CONCORD, N.H. – Kathryn McDonough sat at the defense table Thursday as nearly a dozen members of Elizabeth “Lizzi” Marriott’s family berated her for betraying Marriott’s trust and luring the 19-year-old University of New Hampshire sophomore to her death.

McDonough, 19, had just pleaded guilty to hindering prosecution, tampering with a witness and conspiracy for lying to investigators after Marriott’s family reported her missing last year. She had told investigators her new friend never showed up at the Dover apartment McDonough shared with 30-year-old Seth Mazzaglia as planned the night of Oct. 9.

McDonough was sentenced to 1½ to 3 years in prison and taken into custody at the end of the two-hour hearing.

Prosecutors say Marriott did arrive at the apartment that night and was killed by Mazzaglia, who is charged with first-degree murder.

The couple later admitted to investigators they used Marriott’s car to drive her body to Peirce Island in Portsmouth and threw it into the Piscataqua River, which feeds into the Atlantic Ocean. Her body has never been recovered, a fact her family lamented Thursday as intensifying their grief and robbing them of a chance to say goodbye.

Mazzaglia, who is being held without bond, is due in court Wednesday and his trial is scheduled to start in May. McDonough’s plea agreement calls for her to testify against Mazzaglia. Prosecutors have yet to say what transpired that night or what McDonough’s role was. She later admitted to investigators that she did nothing to render assistance to an unconscious Marriott or summon help.

Marriott family members said the charges McDonough pleaded guilty to don’t adequately convey her conduct or her culpability. They are classified as “victimless crimes” — a categorization Marriott’s mother disputed.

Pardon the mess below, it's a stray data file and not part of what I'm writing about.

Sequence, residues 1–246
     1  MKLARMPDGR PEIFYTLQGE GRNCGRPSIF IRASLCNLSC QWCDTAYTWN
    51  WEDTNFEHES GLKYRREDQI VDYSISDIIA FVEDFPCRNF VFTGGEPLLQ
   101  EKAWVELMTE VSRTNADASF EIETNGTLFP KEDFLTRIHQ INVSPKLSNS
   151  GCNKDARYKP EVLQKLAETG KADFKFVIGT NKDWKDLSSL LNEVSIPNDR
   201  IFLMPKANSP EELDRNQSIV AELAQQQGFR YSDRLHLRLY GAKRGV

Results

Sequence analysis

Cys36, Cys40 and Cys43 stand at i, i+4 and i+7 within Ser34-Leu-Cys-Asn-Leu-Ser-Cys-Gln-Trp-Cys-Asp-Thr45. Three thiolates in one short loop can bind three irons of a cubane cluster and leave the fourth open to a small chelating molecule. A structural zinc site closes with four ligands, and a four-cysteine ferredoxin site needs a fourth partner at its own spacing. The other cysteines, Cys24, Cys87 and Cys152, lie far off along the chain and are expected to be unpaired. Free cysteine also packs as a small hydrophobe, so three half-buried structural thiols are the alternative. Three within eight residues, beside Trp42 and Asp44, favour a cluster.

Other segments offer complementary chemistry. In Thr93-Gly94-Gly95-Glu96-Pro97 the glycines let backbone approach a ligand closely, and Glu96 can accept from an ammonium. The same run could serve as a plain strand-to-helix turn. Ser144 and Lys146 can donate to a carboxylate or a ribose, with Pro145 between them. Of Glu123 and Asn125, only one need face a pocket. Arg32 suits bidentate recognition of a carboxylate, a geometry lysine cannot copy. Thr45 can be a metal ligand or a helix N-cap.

“Yours were the actions of a cold, calculating woman trying to stay out of trouble,” Melissa Marriott said. “Victimless? I don’t think so.”

Lizzi Marriott’s paternal grandmother, Susan Marriott, told McDonough, “You invited her to her death.” Her maternal grandmother, Charlotte Panneton, asked McDonough how she could live with herself.

“She gave you her friendship and you betrayed her,” Panneton said. “You did not stop the chain of events that took her life.”

Prosecutors say McDonough and Mazzaglia conspired and told investigators Mazzaglia accidentally strangled Marriott during consensual sex, an allegation Marriott family members said was reprehensible and deepened their pain. Prosecutors have been adamant there was nothing consensual about the circumstances surrounding Marriott’s death, but won’t elaborate.

McDonough’s attorney, Andrew Cotrupi, said during the hearing that he wanted to dispel any notion that Marriott was somehow complicit in her death.

“Lizzi went to a friend’s house to watch a movie,” Cotrupi said. “She said no to a man that would not accept that. She is fully blameless in her death. Kathryn recognizes that.”

Just weeks before her death, Marriott began her first days as a transfer student at UNH, majoring in marine biology and commuting to campus from Chester, N.H., where she was living with relatives.

Bob Marriott, the victim’s father, said the family grudgingly accepted the plea deal to further the prosecution of Mazzaglia.

Rockingham Superior Court Judge Marguerite Wageling, too, had harsh words for McDonough before officers cuffed her wrists behind her back and led her away.

“But for you, Elizabeth Marriott would be alive today,” Wageling said. “But for your cowardly and selfish actions, she would be alive or this family would have a body to lay to rest. You will carry that in your conscience the rest of your life.”


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